If Brooklyn 99 was a lesser show (or perhaps was written in the 1990s), Jake Peralta would be the audience stand in. We would identify ourselves with him – the cheeky, yet charming ‘bad’ boy who always manages to save the day. Instead of focusing solely on Jake’s journey and character, B99 allows for a fuller and richer ensemble cast, meaning that other characters are also not reduced to their stereotypes. Amy Santiago would traditionally be Jake’s ‘nemesis’ – solely due to her competitive nature and her desire to succeed in her job. Whilst Jake and Amy tease each other often, it comes from a place of love and support. In this way, we also identify with Amy, and can understand her motivations and individual desires too. Unlike other sitcoms which always ultimately end up objectifying a (usually lone) female character through the eyes of the male protagonist (Seinfeld, How I Met Your Mother, Big Bang Theory… etc etc) Brooklyn 99 avoids this completely. Even when Jake and Amy begin dating, she is never portrayed as a sex object or as someone for Jake to attain (it totally helps that Jake is a feminist). Regardless of whether they date, are co-workers or friends, they are both still individuals.

So what makes Amy’s character so great to watch? For a start, her sheer determination. Whatever the task is, Amy Santiago will throw herself into it with 110%. Even jobs that she might not be that suited for (the time she went undercover in prison as a pregnant criminal), Amy wants to prove that she can handle it. And yes, she partly wants to prove herself to Holt, but it often turns out that Amy needs to prove it to herself more. Though confident in her abilities behind a desk, Amy routinely pushes herself to do things that are out of her comfort zone.

We also see this amazing, and hilarious progression between Amy, Gina and Rosa throughout the series. Though the three of them are certainly acquaintances, both Gina and Rosa are not the easiest people to befriend. In comparison to Amy’s need to please everyone around her, Rosa’s main goal is to be as un-emotionally unavailable with the people around her as possible. Likewise, Gina (who is one the greatest characters to ever grace our screens, but we will leave this for another post) can be a bit stand-offish, especially to Amy. Rosa makes an important point in season 1 however, about how the women of the precinct need to have each others backs in such a heavily male dominated environment. And whilst the three of them may not always see eye to eye (Amy’s constant stream of positivity regularly rubs Rosa up the wrong way), there are several moments of wonderful friendship between them.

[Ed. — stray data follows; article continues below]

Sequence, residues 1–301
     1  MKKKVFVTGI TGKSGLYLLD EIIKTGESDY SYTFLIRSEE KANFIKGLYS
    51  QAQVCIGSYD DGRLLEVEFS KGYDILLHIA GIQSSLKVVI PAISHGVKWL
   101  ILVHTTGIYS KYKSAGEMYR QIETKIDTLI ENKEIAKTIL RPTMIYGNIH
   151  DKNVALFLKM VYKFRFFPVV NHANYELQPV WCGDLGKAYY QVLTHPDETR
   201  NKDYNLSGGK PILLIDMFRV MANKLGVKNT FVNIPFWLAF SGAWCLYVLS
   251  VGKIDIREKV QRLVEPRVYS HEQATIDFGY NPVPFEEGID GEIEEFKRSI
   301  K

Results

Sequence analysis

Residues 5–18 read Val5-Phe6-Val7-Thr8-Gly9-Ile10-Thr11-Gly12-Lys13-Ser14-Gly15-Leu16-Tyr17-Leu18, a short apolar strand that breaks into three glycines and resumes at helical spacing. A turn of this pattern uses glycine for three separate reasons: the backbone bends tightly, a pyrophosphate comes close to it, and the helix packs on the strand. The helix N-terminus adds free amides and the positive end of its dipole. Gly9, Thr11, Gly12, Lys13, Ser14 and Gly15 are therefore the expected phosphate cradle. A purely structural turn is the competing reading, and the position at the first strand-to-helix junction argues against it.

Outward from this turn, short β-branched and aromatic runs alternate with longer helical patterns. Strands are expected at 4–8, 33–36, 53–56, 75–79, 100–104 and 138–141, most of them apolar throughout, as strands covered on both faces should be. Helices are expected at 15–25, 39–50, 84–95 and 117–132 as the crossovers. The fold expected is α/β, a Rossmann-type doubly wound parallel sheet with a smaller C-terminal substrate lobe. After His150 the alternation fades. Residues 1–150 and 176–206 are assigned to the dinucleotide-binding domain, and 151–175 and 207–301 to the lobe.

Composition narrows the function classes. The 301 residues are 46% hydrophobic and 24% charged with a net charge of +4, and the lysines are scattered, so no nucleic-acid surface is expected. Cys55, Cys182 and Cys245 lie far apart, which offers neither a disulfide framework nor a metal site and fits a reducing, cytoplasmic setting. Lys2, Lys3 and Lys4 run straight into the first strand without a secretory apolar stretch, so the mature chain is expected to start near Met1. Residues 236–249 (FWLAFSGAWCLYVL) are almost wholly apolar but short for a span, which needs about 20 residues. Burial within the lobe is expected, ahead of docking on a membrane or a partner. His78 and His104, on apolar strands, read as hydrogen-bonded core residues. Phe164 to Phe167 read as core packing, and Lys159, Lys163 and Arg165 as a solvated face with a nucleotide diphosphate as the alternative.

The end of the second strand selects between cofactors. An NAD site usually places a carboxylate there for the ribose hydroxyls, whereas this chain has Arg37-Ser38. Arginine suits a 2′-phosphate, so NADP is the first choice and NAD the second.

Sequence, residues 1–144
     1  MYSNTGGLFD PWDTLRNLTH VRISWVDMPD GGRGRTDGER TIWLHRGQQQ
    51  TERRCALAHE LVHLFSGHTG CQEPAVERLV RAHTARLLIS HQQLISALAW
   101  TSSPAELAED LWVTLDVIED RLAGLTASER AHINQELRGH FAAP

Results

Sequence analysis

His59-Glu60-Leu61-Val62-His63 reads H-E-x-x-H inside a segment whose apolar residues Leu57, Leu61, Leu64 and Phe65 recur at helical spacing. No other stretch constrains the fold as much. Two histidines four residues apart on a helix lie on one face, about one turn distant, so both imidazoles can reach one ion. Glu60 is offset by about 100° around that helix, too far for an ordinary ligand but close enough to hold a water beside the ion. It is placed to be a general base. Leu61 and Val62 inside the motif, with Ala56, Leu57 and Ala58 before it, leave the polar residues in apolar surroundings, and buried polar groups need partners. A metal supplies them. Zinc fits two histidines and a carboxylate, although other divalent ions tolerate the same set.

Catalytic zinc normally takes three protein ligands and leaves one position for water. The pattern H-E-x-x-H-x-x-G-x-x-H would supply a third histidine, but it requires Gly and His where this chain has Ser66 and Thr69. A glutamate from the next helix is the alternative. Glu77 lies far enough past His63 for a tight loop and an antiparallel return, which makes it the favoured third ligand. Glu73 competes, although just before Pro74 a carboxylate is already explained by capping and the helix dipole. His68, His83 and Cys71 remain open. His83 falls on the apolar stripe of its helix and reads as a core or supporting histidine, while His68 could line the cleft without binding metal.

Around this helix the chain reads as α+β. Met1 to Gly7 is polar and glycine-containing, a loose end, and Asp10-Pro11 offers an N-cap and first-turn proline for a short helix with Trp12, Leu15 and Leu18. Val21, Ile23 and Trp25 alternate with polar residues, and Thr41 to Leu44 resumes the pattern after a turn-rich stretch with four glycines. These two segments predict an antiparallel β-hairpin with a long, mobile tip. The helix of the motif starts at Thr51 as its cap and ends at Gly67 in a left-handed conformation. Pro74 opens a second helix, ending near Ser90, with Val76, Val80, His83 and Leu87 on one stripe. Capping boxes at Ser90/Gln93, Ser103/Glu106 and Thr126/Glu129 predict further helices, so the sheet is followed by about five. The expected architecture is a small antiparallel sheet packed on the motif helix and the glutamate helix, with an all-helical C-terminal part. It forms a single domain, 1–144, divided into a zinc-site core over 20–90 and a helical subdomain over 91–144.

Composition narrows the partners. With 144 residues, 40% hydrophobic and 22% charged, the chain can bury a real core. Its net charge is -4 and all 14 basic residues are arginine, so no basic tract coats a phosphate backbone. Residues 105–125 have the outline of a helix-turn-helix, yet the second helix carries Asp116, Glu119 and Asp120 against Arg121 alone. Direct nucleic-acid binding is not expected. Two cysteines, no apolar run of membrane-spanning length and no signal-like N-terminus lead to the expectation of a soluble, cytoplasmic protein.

One of these comes in Season 3, when Amy approaches Gina to give her some advice with an idea she has had for a new flashlight mount. It shows how far Gina and Amy have come in their friendship and that Amy understands the importance of asking for help when she needs it. With their combined talents (Amy’s product and Gina’s showmanship), they produce an incredible pitch. It’s Amy’s ability to let go of always having to be right and to allow someone else to give her help when she needed it, that shows how much she has grown. The purchasing department of the NYPD decide not to buy the product, but it really doesn’t matter. What matters is the wonderful collaboration of two very different, very wonderful people. It’s not dissimilar to the time (in ‘Beach House’) where Gina decides to get Amy very, very drunk just to witness the 5 Stages of Drunk Amy Santiago (or 5 Drink Amy). Though partly just for the comedy, Gina also does this to let Amy have some fun and let her hair down – something that she perhaps needs to do a little more often.

Of course, we can’t end this post without acknowledging Amy’s ethnicity and the fact that she completely bucks the stereotypical portrayal of Latin American women on TV. Amy is hardworking, brave, introverted and comically fearful of overt displays of sexuality – something which goes against all of the harmful tropes normally attributed to Latina characters. It’s important to note, because it proves that television can focus on a character’s individual desires and personality without always boiling them down to a stereotype. And if Brooklyn 99 can do this (and it does it so well with ALL of it’s characters) then there’s no excuse for other show-runners out there.

We love you Amy. Even if you can’t handle hot sauce.